“The Missing Kennedy: Rosemary Kennedy and the Secret Bonds of Four Women”
by Elizabeth Koehler-Pentacoff.
Bancroft Press (Baltimore, 2015).
258 pp., $27.50.
The story of young Rosemary Kennedy (1918-2005), the first daughter born to the celebrated Boston family, invites sad contemplation of what might have been. One wonders if things would have turned out quite differently for the younger sister of President John F. Kennedy, who at age 7 was diagnosed as intellectually disabled (or “mentally retarded,” as it was then termed), if during her delivery the nurse had not directed Rosie’s mother to close her legs and thus delay delivery for some two hours until the attending physician could arrive.
Some have suggested that the doctor’s tardy arrival ultimately deprived the infant of oxygen, resulting in permanent disabilities, though this cannot be proven.
And what if Rosie had not, at age 23, been subjected to a botched lobotomy by her father who was convinced that it would help her live a more “normal” life?
Despite Rosie’s apparent slowness in learning, she was a sweet, lovable child whom the entire family supported with kindness and patience. She grew into a beautiful young woman, tall, vivacious and graced with a dazzling smile.
But with puberty came emotional outbursts and then sneaking out at night to meet men for sex. When thwarted, Rosie threw tantrums that were increasingly disruptive. “Because of their high profile in politics and society,” the author writes, “the Kennedys couldn’t risk the shame of sexual disease or an out-of-wedlock pregnancy.”
Without telling anyone in the family, not even his wife Rose, Joseph Kennedy subjected his daughter to a prefrontal lobotomy in 1941 that left her much worse — incontinent and incoherent. She even had to learn to walk again.
But the heart of the book is the story of Rosie’s meaningful life at St. Coletta in Wisconsin, a Catholic home for the developmentally disabled, where she lived out her life under the extraordinary care of Sister Paulus (Stella) Koehler (1910-1996), the author’s aunt.
Caregiver, chauffeur, advocate and most of all friend, Sister Paulus (a Sister of the Third Order of St. Francis of Assisi) devoted 35 years to helping Rosie, despite her many daily challenges, blossom. A prayerful, insightful, and compassionate soul, Sister Paulus seems to represent the very best traditions of the religious life. The author had access to her aunt’s private notes, which, enriched by research at the John F. Kennedy Presidential Library and elsewhere, offer an authoritative and detailed look at the life of the one Kennedy who has always been the least known.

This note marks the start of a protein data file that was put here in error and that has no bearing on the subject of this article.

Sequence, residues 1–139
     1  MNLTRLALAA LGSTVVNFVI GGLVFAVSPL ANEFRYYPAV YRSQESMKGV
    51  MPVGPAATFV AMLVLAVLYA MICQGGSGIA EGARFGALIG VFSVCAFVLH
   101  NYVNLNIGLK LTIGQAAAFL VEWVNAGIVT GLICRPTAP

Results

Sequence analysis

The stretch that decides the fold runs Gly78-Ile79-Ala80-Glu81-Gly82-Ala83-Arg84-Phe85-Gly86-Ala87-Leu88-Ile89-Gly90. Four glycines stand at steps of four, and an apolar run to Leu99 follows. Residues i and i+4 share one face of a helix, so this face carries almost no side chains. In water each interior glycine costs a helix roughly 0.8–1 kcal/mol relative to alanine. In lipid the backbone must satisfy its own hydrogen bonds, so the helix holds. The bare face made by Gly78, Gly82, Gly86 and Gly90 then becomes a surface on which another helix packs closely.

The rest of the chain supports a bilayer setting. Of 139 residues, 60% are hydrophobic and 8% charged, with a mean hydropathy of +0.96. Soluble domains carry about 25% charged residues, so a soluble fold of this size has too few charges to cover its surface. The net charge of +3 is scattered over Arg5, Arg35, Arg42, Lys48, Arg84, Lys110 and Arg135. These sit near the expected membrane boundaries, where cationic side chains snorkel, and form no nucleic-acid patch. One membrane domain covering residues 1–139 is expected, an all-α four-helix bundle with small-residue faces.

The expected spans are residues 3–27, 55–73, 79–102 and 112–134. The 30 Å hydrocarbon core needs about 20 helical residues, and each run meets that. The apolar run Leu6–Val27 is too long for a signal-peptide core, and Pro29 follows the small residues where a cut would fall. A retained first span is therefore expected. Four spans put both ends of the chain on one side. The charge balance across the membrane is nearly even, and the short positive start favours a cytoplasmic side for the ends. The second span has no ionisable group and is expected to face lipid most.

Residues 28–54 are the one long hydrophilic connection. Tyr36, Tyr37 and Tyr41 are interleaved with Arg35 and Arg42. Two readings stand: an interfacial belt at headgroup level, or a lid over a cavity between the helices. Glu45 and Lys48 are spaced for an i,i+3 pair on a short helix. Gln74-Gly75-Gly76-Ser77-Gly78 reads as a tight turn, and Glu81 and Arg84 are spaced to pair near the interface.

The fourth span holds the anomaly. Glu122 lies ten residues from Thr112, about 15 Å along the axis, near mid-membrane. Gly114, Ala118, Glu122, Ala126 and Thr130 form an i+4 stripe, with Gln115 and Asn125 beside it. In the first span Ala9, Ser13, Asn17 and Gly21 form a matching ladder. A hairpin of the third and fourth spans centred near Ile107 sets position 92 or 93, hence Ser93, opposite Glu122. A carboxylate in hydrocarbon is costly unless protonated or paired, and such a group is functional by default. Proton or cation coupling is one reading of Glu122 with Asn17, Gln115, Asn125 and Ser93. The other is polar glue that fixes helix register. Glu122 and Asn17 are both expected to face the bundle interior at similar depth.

It was only after 20 years that Rose Kennedy and the rest of her family first learned about Rosie’s lobotomy. After Joseph Kennedy’s stroke disabled him in 1961, Rose began to oversee Rosie’s affairs and starting in the early 1960s, the Kennedy family began to have regular visits with Rosie. (They had been kept away for two decades by strict medical advice that any family visitors would prove too emotionally disruptive.)
It was around then that young Elizabeth Koehler (born in 1957) began to go on family visits to her aunt, Sister Paulus, and Rosie. The author’s girlhood reminiscences of visiting Rosie and her family stories add a unique dimension to her book as do the many photos of Rosie enjoying her life with Sister Paulus and the nuns at St. Coletta and seeing visitors such as Rose Kennedy, Eunice Kennedy Shriver and her son Anthony Shriver, Ted Kennedy and Jean Kennedy Smith.
Koehler-Pentacoff alternates the narratives of two families, the Kennedys and her own, noting some of the common threads of mental illness and disability that can strike any family whether wealthy and prominent or more humble. This organization is sometimes jerky and disorienting.
The book’s value lies in its revelations about an essential part of the Kennedy family history that has long been unknown. Did Joseph Kennedy truly want to put his daughter away “because her behavior was tainting the family’s reputation and would hurt his career, as well as the social and political prospects for his sons,” as some have charged?
Koehler-Pentacoff sheds light on this through an interview she conducted with his grandson Anthony Shriver, who views the patriarch’s motives differently: “The experts in the field recommended (the lobotomy) to give her a more peaceful and productive life. He had a relentless desire for all of his children to be the best and to give them the best. …The goal was to enhance her life.”
Although many aspects of Rosemary Kennedy’s life story are heartbreaking, “The Missing Kennedy” shows how her family’s relationship with her ultimately advanced Americans’ understanding of and compassion for those with disabilities. It proved to be a powerful catalyst.
The evidence for this can be seen in Eunice Kennedy Shriver’s founding of the Special Olympics and her son Anthony’s founding of Best Buddies International (which supports students with intellectual and developmental disabilities), among many other such organizations. And President Kennedy vigorously pushed federal legislation on behalf of those with intellectual disabilities, starting with the recommendations of his President’s Panel on Mental Retardation in 1962.
An interesting appendix details these and the other many ripples from Rosemary’s story. “The Missing Kennedy” shows her legacy to be far-reaching indeed as we continue to learn how to treat those “least among us,” the intellectually disabled, with compassion, respect, and dignity as did Sister Paulus and the nuns of St. Coletta’s, starting long ago.
Roberts is the author of two books about Dorothy Day and the Catholic Worker and teaches journalism at the State University of New York at Albany.
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